\(k_{b} = \dfrac{1.0*10^{-14}}{6.6*10^{-4}}\)

\(k_{b}=1.515*10^{-11}\)

Now that we have the k_{b} value, we can write the ICE table in equation the equation form

\(1.515*10^{-11} \dfrac{x^{2}}{.15-x}\)

Manipulating the equation to get everything on one side yields

\(0= x^{2} + 1.515 \times 10^{-11}x -2.2727*10^{-12}\)

Now this information is plugged into the quadratic formula to give

\(x = \dfrac{-1.515*10^{-11} \pm \sqrt{(-1.515*10^{-11})^2 - 4(1)(-2.2727*10^{-12})}}{2}\)

The quadratic formula yields x=1.5075*10^{-6} and -1.5075*10^{-6} . However the negative value can be ruled out because concentrations cannot be zero.

Therefore to get the pOH we plug the concentration of OH^{-} into the equation pH=-log(1.5075*10^{-6}) and get pOH=5.82. To get the pH we minus the pOH from 14.

pH=14 - 5.82

**pH= 8.18**

Example 5: After adding 26 mL of 0.3 M NaOH

Find the pH after the addition of 26 mL of NaOH.

**SOLUTION**

The millimoles of OH^{-} added in the 26 mL: \(26 mL * \dfrac{.3 mmol OH^{-1}}{1 mL} = 7.8 mmol OH^{-}\)

This amount is greater then the moles of acid that is present. The 7.8 mmol OH^{-} neutralizes the 7.50 mmol HCl. To find how much OH^{-} will be in excess we subtract the amount of acid and hydroxide.

mmoles of hydroxide in excess: 7.8 mmol - 7.50 mmol= .3 mmol OH^{-}

To find the concentration of the OH^{-} we must divide by the total volume. This is the initial volume of HF, 25 mL, and the addition of NaOH, 26 mL. Therefore the total volume is 25 mL + 26 mL = 51 mL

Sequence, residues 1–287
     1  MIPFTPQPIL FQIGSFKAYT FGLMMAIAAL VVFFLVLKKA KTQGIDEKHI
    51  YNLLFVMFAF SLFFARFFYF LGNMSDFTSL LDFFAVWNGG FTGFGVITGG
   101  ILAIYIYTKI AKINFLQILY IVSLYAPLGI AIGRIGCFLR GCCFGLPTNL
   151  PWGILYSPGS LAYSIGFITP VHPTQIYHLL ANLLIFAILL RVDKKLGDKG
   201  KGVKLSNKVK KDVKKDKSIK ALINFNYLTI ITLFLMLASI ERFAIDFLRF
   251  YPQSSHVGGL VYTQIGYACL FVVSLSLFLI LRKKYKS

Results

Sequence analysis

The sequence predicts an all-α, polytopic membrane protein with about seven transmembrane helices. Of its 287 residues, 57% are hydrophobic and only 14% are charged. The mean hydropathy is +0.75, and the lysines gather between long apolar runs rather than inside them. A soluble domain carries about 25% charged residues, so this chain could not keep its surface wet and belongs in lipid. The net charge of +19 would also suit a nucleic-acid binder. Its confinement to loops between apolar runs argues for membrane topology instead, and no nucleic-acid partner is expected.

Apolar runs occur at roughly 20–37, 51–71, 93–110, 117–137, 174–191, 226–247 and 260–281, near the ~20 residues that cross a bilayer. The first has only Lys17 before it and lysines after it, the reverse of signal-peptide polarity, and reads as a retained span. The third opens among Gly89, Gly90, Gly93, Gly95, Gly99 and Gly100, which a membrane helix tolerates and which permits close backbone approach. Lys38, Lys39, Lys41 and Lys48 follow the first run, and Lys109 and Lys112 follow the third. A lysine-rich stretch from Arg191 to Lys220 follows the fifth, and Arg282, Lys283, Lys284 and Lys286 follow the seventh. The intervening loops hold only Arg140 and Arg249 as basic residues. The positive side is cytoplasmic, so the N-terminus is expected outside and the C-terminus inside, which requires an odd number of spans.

The concentration of OH^{-} is \(\dfrac{.3 mmol OH^{-}}{51 mL}=.00588M\)

pOH=-log(0.00588)=2.23

pH=14-2.23

**pH=11.77**

Example 6: Equivalence Point

When does the equivalence point of 15 mL of 0.15 M CH_{3}COOH titrated with 0.1 M NaOH occur?

**SOLUTION**

The equivalence point occurs when equal moles of acid react with equal moles of base.

The mmol CH_{3}COOH: \(15 mL CH_{3}COOH * \dfrac{.15 mmol CH_{3}COOH}{1 mL} =2.25 mmol CH_{3}COOH\)

We must find the amount of of mL of NaOH to give us the same mmols as CH_{3}COOH

\(2.25 mmol CH_{3}COOH = 0.1M NaOH* XmL NaOH\)

X=22.5 mL

Therefore the equivalence point is after the addition of **22.5 mL** of NaOH

- Levie, Robert De. Aqueous Acid-Base Equilibrium and Titrations. New York: Oxford University Press Inc. 1991
- Petrucci, Ralph H. General Chemistry: Principles & Modern Application, 9th Edition. New Jersey: Pearson Prentice Hall. 2007.

- Hyejung Sohn (UCD), Jessica Thornton (UCD)

Last modified

18:36, 16 Sep 2015

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This material is based upon work supported by the National Science Foundation under Grant Number 1246120

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This is completely incorrect. The pH of the solution is greater than 7 because all of the acid (HA) has been converted to its conjugate base (A-) by the addition of NaOH and now the equilibrium moves backwards towards HA and produces hydroxide, that is:

A- + H2O <=> AH + OH- Edited 21:46, 11 Mar 2014

Also, isn't this supposed to be an undergraduate experiment? Why are you lunatics using HF? Edited 18:53, 2 Apr 2014